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World J Urol. 2017 Sep;35(9):1301-1320. doi: 10.1007/s00345-017-2008-6. Epub 2017 Feb 17.

Epidemiology of stone disease across the world.

Author information

1
Department of Urology, University of Texas Southwestern Medical Center, 5323 Harry Hines Blvd, Dallas, TX, 75390, USA.
2
Department of Urology, University General Hospital of Heraklion, University of Crete, Medical School, Heraklion, Crete, Greece.
3
Department of Urology, Kanazawa Medical University, Uchinada, Ishikawa, Japan.
4
Department of Chemistry, University of Cape Town, Cape Town, South Africa.
5
Section of Urology, Aga Khan University, Karachi, Pakistan.
6
Department of Urology, University of Texas Southwestern Medical Center, 5323 Harry Hines Blvd, Dallas, TX, 75390, USA. Yair.Lotan@utsouthwestern.edu.

Abstract

Nephrolithiasis is a highly prevalent disease worldwide with rates ranging from 7 to 13% in North America, 5-9% in Europe, and 1-5% in Asia. Due to high rates of new and recurrent stones, management of stones is expensive and the disease has a high level of acute and chronic morbidity. The goal of this study is to review the epidemiology of stone disease in order to improve patient care. A review of the literature was conducted through a search on Pubmed®, Medline®, and Google Scholar®. This review was presented and peer-reviewed at the 3rd International Consultation on Stone Disease during the 2014 Société Internationale d'Urologie Congress in Glasgow. It represents an update of the 2008 consensus document based on expert opinion of the most relevant studies. There has been a rising incidence in stone disease throughout the world with a narrowing of the gender gap. Increased stone prevalence has been attributed to population growth and increases in obesity and diabetes. General dietary recommendations of increased fluid, decreased salt, and moderate intake of protein have not changed. However, specific recommended values have either changed or are more frequently reported. Geography and environment influenced the likelihood of stone disease and more information is needed regarding stone disease in a large portion of the world including Asia and Africa. Randomized controlled studies are lacking but are necessary to improve recommendations regarding diet and fluid intake. Understanding the impact of associated conditions that are rapidly increasing will improve the prevention of stone disease.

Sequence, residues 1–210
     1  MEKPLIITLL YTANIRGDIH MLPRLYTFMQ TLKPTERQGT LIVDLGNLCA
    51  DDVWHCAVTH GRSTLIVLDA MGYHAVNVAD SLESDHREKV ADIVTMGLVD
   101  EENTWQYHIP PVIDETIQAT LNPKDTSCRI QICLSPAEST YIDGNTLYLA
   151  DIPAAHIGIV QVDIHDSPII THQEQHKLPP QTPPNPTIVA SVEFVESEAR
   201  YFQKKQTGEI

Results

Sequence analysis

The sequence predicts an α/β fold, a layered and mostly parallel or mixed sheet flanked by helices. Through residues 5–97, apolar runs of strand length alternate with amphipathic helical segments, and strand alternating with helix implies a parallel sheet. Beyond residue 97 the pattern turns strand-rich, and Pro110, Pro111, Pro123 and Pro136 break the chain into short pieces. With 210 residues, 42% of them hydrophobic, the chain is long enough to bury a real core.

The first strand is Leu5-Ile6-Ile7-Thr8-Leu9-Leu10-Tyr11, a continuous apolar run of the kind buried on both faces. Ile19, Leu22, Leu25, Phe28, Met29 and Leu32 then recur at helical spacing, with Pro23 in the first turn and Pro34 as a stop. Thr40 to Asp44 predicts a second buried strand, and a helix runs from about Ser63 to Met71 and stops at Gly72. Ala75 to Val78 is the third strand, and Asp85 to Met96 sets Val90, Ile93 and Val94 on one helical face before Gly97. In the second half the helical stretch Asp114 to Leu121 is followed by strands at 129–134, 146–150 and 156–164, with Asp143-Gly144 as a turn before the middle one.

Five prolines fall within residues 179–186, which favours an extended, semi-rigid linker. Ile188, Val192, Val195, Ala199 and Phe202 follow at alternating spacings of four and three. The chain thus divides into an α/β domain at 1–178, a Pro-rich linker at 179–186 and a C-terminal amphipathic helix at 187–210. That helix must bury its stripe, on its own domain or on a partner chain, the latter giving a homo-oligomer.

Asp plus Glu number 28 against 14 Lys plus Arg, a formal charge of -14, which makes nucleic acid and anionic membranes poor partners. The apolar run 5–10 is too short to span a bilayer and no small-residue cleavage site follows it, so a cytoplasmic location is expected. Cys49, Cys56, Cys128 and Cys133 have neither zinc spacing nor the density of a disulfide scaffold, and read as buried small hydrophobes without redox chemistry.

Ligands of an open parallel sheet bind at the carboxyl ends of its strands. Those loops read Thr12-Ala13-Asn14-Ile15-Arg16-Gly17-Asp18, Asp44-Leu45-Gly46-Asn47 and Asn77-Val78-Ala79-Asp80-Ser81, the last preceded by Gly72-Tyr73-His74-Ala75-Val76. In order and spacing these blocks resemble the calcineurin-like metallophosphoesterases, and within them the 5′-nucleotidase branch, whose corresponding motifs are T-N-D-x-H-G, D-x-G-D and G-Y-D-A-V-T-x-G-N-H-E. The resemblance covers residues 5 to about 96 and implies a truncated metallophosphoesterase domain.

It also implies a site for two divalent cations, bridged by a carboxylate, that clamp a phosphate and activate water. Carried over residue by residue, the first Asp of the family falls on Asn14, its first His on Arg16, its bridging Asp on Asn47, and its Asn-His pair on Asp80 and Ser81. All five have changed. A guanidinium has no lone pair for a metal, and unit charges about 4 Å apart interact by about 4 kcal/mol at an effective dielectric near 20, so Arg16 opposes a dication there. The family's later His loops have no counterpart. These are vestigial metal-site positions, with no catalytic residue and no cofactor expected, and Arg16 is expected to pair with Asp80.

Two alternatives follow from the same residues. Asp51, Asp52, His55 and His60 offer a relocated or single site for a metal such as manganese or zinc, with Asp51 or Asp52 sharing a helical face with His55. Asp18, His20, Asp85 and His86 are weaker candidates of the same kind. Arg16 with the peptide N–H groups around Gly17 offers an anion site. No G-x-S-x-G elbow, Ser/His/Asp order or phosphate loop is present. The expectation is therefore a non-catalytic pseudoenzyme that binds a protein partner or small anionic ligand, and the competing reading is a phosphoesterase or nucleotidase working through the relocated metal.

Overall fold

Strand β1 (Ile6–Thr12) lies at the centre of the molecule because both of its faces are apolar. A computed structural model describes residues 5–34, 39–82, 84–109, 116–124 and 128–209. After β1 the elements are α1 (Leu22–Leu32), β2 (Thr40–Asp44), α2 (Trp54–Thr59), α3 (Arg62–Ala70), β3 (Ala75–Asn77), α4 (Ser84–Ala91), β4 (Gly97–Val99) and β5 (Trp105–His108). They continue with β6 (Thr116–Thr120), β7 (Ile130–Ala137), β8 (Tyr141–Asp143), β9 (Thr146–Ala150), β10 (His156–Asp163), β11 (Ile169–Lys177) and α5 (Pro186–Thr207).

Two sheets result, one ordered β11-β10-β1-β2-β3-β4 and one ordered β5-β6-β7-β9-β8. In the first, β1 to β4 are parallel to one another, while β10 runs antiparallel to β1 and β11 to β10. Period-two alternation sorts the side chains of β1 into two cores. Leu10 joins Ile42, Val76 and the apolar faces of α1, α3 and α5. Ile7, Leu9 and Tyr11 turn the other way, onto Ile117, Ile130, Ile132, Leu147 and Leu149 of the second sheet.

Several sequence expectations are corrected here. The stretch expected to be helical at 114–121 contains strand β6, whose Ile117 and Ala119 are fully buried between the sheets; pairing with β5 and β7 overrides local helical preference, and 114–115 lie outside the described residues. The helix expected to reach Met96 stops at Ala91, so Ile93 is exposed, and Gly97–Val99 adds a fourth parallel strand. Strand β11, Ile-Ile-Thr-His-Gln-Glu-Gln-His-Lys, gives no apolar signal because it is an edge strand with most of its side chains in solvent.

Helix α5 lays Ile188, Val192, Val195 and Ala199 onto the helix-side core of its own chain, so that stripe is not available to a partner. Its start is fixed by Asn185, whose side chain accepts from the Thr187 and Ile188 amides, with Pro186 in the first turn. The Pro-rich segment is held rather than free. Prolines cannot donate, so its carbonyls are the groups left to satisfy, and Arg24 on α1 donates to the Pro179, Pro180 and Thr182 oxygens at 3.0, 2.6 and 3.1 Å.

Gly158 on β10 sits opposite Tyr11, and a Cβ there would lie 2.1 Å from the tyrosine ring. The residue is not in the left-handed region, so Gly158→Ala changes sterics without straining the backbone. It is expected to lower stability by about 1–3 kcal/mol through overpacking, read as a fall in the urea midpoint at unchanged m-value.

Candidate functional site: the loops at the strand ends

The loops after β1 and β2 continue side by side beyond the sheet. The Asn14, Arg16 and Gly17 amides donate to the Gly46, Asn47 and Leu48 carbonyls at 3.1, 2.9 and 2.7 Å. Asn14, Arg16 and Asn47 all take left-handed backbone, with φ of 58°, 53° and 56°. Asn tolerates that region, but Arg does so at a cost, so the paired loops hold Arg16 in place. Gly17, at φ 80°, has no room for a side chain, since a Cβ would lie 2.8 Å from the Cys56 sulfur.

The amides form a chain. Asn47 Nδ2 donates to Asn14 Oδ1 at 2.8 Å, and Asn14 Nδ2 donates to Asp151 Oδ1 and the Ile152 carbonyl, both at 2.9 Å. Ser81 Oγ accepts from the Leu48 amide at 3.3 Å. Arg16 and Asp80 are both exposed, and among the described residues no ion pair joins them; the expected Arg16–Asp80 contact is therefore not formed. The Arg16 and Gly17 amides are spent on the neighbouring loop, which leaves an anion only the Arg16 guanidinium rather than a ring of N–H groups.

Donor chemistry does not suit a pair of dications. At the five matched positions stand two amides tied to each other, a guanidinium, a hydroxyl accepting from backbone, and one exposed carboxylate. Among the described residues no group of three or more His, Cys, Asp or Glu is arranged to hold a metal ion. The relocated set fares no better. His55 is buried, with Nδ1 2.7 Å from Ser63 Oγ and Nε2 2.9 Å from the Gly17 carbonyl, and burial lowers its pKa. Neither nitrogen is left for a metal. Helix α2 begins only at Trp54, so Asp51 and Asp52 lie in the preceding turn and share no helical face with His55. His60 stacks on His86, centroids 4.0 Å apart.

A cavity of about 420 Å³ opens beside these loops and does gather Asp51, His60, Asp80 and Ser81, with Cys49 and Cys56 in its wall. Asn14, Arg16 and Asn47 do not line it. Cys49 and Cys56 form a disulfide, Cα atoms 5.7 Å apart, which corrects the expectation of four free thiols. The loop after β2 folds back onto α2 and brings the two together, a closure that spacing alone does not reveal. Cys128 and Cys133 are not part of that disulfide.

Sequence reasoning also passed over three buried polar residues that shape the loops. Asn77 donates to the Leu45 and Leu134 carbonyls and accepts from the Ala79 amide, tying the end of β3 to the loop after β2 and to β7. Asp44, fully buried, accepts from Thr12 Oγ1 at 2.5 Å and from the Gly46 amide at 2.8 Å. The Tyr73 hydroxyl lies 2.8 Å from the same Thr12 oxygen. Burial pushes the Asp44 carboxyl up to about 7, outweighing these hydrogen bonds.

KEYWORDS:

Epidemiology; Kidney stones; Nephrolithiasis; Renal calculi; Urolithiasis

PMID:
28213860
DOI:
10.1007/s00345-017-2008-6
[Indexed for MEDLINE]

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